Archive for the 'Politics' Category

The best eight word summary of the Iraq war plan

February 15th, 2007

The US National Security Archive (not an official body) has just obtained the PowerPoint briefing on the Iraq war plan from 2002.

There’s lots of great stuff in this, but I was particularly struck by one sentence from the second slide in the pack

Thinking “outside the box”, but “inside a compartment”

When they come to write the book on this war, that should be the title…

What the???!!!

January 16th, 2007

Via Washington Monthly is this unbelievably strange story in the Guardian:

Britain and France talked about a “union” in the 1950s, even discussing the possibility of the Queen becoming the French head of state, it was reported today.


When Mr Mollet’s request for a union failed, he quickly responded with another plan – that France be allowed to join the British commonwealth – which was said to have been met more warmly by Sir Anthony.

What the hell? Strangest thing I’ve seen in months.

Stupid, stupid policy

January 8th, 2007

From ABC News is this brain dead bit of policy:

Australian Young Labor is calling on the ALP to adopt a policy of not taxing people under 18.

Young Labor president Sam Crosby says it is unfair that those aged under 18 have to pay tax even though they cannot vote.

OK, let’s ignore the ‘taxing people under 18’ bit. Let’s just think about the ‘cannot vote’ thing and what that implies:

  • only citizens have to pay taxes;
  • people who don’t pay tax can’t vote; and
  • people who don’t live in Australia don’t have to pay tax.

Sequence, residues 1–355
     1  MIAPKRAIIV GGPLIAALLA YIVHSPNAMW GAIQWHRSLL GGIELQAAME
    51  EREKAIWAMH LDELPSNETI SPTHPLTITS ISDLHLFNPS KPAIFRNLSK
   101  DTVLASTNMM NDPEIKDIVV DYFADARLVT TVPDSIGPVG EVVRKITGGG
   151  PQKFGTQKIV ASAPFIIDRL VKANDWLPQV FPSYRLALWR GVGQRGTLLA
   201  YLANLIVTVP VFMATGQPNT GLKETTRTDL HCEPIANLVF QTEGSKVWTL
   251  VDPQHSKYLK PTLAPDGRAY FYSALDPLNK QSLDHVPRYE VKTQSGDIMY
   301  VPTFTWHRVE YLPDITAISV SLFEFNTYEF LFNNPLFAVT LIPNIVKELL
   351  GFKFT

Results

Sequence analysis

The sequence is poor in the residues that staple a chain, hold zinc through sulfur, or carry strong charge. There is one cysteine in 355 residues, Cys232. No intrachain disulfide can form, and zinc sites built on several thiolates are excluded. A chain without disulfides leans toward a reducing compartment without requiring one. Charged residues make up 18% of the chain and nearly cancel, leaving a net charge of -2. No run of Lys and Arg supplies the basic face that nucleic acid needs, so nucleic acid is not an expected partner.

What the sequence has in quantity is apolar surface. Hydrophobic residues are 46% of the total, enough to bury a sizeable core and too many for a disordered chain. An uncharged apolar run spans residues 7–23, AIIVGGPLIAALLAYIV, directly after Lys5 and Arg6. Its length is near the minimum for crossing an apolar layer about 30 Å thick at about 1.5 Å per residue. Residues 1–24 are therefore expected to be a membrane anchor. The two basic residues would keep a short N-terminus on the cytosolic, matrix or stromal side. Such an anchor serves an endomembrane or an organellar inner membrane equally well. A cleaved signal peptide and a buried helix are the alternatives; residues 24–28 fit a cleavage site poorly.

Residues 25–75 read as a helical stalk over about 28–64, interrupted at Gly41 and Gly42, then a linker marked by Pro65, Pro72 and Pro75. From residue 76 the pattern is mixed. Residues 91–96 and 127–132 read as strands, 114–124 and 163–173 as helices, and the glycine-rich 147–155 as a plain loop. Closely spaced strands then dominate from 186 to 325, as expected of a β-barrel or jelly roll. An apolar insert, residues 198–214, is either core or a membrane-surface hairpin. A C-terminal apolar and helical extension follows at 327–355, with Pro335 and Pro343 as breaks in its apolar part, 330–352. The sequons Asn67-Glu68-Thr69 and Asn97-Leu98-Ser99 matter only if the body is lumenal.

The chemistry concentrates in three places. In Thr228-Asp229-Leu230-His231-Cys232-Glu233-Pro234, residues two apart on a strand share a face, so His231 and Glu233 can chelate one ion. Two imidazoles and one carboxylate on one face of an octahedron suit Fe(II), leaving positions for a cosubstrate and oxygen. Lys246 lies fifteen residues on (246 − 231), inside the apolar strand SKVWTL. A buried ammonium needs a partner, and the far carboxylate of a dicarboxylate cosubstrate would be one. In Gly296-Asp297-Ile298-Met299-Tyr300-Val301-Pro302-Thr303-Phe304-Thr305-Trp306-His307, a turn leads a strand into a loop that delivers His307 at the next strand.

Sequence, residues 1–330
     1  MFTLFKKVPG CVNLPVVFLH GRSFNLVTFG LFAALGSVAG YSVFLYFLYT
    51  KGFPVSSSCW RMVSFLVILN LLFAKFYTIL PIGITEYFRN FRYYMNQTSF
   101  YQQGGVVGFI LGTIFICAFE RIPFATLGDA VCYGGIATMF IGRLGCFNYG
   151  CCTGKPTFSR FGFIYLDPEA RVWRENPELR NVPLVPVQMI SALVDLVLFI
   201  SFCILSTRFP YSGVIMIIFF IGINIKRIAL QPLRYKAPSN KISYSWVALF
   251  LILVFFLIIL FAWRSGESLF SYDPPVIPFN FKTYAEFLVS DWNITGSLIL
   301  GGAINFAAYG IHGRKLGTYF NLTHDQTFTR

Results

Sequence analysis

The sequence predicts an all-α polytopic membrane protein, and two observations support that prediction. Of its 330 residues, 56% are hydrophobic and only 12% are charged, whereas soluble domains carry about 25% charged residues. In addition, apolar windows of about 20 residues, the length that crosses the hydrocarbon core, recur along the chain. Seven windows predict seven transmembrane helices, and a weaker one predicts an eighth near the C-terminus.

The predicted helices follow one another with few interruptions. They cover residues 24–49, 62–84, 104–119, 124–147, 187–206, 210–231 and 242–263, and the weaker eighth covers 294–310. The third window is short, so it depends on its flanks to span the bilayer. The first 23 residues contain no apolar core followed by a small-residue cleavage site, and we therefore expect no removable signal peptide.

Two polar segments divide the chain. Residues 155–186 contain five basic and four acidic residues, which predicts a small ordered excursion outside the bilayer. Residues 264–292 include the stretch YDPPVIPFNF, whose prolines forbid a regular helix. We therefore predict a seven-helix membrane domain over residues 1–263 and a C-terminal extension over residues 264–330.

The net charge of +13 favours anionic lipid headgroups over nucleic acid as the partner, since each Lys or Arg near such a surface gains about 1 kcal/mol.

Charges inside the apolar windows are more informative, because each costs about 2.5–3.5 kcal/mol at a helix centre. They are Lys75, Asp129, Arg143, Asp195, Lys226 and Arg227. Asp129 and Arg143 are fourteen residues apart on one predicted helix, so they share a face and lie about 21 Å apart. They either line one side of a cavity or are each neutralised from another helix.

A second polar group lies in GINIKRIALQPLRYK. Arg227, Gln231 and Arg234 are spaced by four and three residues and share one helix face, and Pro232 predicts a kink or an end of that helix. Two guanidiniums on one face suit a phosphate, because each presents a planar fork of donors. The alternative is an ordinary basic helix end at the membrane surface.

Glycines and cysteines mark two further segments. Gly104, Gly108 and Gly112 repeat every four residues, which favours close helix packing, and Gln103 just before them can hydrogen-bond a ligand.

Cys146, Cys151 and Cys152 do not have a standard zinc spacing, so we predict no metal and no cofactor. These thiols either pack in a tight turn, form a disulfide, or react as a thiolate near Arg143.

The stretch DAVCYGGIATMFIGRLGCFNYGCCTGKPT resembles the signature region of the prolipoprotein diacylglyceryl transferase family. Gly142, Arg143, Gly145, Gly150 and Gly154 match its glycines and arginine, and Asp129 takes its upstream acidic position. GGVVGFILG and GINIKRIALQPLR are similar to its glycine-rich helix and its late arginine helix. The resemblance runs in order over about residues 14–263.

Stupid, stupid justification for the policy. If you’re going to advocate new policy (and it’s an idea interesting enough to debate), please don’t try to justify it using this fairness argument that a 3-year-old could see through.

Year of the Election

January 8th, 2007

2007 will be, almost certainly, the year we see the next Federal Election.

According to the timetable published by the AEC the election has to occur between 4 August 2007 and 19 January 2008. A double dissolution can occur any time, but those are the only dates that avoid a half-senate election too, something we can be pretty certain no one wants to see1.

There’s never been an election in January, so we can safely rule it out. Since 1950 there’ve been none in August or September, 4 in October, 4 in November and 5 in December (none later than 13 December). So we’re now down to 10 possible dates. My guess would be that the PM might call an election shortly after APEC ends on September 9. The minimum time between issue of writs and the election is 33 days, which would put the election on October 13 or 20, probably more likely the 20th, which would require the PM to call the election by Monday 17 September.

  1. The last half-senate election was held in 1970, and resulted in severe losses for the Government of the time. 

Labor leadership: It’s on

December 1st, 2006

Exciting times:

Kim Beazley has put his job on the line by announcing a caucus leadership ballot for Monday morning. Ballots will also be called for the deputy leadership as well as all positions on Labor’s frontbench.

(From the Herald).

I don’t know who to go for here. Beazley has shown himself to be serially inept, but I’m not sure that Rudd would be a lot better. Still, I suppose that it would be hard to be much worse than Kimbo, so I guess I have to go for Rudd (or Gillard, who may yet declare). But would Beazley have done this if he didn’t think he had the numbers?

Victorian elections

November 26th, 2006

First off: I miss Jeff Kennet. I haven’t cared about Victorian politics very much ever since he left the scene.

That said, it seems that the Victorian government is just about where the NSW government was one term ago – getting a bit long in the tooth perhaps, but still with enough talent to justify another go. And judging from Saturday’s results, Victoria agrees with me. A swing of 4-8 seats is pretty much what everyone expected, and once again shows that oppositions don’t win elections, governments lose them.

(What makes NSW so interesting at the moment is that both parties are competing very strongly to lose the election, with the Liberals trying just a little bit harder at the moment).

The claims that this was decided on ‘federal issues’ is laughable – every sign suggests that people have worked out the difference between State and Federal Labour…